As PolyGo and Brad noted, StackExchange does not host data itself. For a global dataset of inland waterways, SRTM may be the best source readily available. Have you looked at a description of the data. It is actually quite good resolution considering the extent. If you are interested in coastlines and will be working at various scales I also recommend ...


2

As commented by @jbchurchill and @user23715, I recommend checking your Output Coordinates setting under your Environments tab to see what it is set to. I/we do this because in the Point To Raster (Conversion) help it lists the Environments respected by that tool as being: Environments Compression, Current Workspace, Output Coordinate System, ...


2

You can use the Dissolve function on a column which contains attributes relating to a specific area. This should combine all separated polygons, such as those of Hawaii, into a single polygon.


2

Having written a shapefile reader for MapDotNet, I recommend following the dBase IV spec. Once you start opening files from many sources you will find odd discrepancies, for instance older versions of the PostGIS tools filled null numeric with *.


2

fc.next() is a simple iterator: fc = fiona.open("my.shp") first_feature = fc.next() second_feature = fc.next() ... Or more simply: for feat in fiona.open("my.shp") print feat The result is a Python dictionary. For example with one result (feat=) {'geometry': {'type': 'Point', 'coordinates': (180627.0, 330190.0)}, 'type': 'Feature', 'id': '154', ...


2

All of the vector formats supported by GDAL/OGR are listed here. With each driver, check out the creation options to control the output. These are passed to ogr2ogr using -dco and -lco flags. Good text-based output drivers include: CSV - be sure to use -lco GEOMETRY=AS_WKT to get the well-known text geometry GeoJSON GML KML LIBKML.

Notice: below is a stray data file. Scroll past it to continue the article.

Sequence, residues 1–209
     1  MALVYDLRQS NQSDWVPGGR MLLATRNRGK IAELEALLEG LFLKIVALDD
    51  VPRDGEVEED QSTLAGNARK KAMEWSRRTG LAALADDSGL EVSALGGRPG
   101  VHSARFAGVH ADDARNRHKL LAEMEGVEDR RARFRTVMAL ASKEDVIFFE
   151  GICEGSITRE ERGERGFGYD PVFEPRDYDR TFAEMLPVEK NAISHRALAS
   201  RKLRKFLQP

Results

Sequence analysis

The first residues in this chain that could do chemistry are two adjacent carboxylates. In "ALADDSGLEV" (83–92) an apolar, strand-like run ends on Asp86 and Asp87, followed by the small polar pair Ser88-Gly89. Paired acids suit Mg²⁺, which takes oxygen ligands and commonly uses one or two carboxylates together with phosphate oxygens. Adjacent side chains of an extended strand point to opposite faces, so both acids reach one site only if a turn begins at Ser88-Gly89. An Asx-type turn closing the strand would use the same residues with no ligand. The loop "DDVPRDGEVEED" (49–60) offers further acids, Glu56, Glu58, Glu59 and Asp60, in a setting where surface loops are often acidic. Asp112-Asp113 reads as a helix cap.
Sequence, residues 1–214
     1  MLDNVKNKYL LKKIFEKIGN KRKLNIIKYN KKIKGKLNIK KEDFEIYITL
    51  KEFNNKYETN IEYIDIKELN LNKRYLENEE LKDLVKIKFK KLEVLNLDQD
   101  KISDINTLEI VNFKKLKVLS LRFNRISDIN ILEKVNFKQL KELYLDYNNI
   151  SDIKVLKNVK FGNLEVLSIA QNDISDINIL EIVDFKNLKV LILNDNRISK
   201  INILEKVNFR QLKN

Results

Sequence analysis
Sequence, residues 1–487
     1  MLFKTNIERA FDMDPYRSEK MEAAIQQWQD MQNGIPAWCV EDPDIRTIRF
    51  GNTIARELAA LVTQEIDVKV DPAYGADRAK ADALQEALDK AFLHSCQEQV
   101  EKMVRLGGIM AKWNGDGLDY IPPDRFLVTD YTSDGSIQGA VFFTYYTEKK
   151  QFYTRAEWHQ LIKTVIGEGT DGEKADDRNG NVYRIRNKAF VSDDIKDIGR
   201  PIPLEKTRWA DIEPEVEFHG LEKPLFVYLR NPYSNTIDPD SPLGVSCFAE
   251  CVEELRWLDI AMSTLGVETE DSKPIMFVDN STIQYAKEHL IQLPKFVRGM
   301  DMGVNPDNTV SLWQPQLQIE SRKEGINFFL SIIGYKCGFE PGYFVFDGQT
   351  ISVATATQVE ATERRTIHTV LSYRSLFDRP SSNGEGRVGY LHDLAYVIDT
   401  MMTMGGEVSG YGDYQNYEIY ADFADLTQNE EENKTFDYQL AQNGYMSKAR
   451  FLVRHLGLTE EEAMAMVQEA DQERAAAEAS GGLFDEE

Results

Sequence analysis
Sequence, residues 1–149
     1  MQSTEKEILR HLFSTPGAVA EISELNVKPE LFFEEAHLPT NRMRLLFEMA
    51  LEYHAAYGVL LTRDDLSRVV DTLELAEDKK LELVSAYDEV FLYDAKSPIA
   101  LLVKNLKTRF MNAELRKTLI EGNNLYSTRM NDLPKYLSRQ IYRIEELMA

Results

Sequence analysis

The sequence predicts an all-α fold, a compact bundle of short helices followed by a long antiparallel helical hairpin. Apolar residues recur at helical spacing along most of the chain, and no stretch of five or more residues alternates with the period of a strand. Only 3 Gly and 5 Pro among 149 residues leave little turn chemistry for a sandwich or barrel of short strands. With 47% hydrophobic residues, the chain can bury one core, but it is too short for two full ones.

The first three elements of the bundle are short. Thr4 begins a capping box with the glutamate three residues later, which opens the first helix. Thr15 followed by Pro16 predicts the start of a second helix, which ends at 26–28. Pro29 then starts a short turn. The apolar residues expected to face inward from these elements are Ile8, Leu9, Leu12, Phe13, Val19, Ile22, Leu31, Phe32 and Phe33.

2

First you will need an iterator to go through your shape files, there are two methods I employ: Method One: a folder full of shape files: import arcpy, sys InF = sys.argv[1] arcpy.env.workspace=InF for fc in arcpy.ListFeatureClasses(): Method Two: a whole tree full of shape files: import sys, os, arcpy InFolder = sys.argv[1] for (path, dirs, files) ...


1

What you are looking for is Geographic Markup Language (GML). It is human readable and should maintain everything. -f gml in gdal / ogr. Do not overlook KML either. Both are human readable vector OGC standards supported in gdal / ogr. You can open both in text editors.


1

To change projections with Fiona, use the pyproj module. Example with a point shapefile (you can simplify the algorithm): from pyproj import Proj, transform import fiona from fiona.crs import from_epsg shape = fiona.open('sample.shp') original = Proj(shape.crs) # EPSG:4326 in your case destination = Proj(init='EPSG:...') # your new EPSG with ...


1

Didn't try but the most obvious is where do you save your new file? Or why if you want to do 'in-place' change, you only open the shp file without changing the mode to be able to write it. Also more in general, use the with statement like in official docs because for example in your code, you do not close the file whereas with with it's automatic.


1

the str( ) will display the internal structure of your object str(zambiap) If you just want a data.frame to export: dt<-data.frame(1:length(zambiap)) zambiapd <- SpatialPolygonsDataFrame(zambiap, data=dt) If you want a meaningful data.frame, you need to get the data from the zambiap object. dt.f<-NULL for (i in 1:length(zambiap)){ ...


1

SpatiaLite is one of the many potential solutions. It probably depends a bit on whether the shapefile you are working on is dynamic or its always the same file (or one of a few files of static content), but loading the shapefile using VirtualShape virtual table extension or the ImportSHP() SQL function will make it available in SpatiaLite. Then you can use ...


1

Using QGIS with the wanted features selected you can right click on the layer or go to the file menu and select "Save Selection as..." Choose Shapefile using the same projection as the original file. Done


1

Since you've already got a list of dicts, you can use Shapely (to manage the geometry) and Fiona (to write the shape file). from shapely.geometry import mapping from shapely.wkt import loads from fiona import collection schema = {'geometry': 'Point', 'properties': {'atribute1':'value', 'atribute2':'value'}} with collection("output.shp", "w", "ESRI ...


1

I'm going to answer the exact question you asked. If that isn't what you really meant, please update your question. Where from your website can I access worldwide vector water body shapefiles that have better resolution than the generic SRTM 90m data? You can't. This website (gis.stackexchange.com) is a Q&A site (per PolyGeo's comment on your ...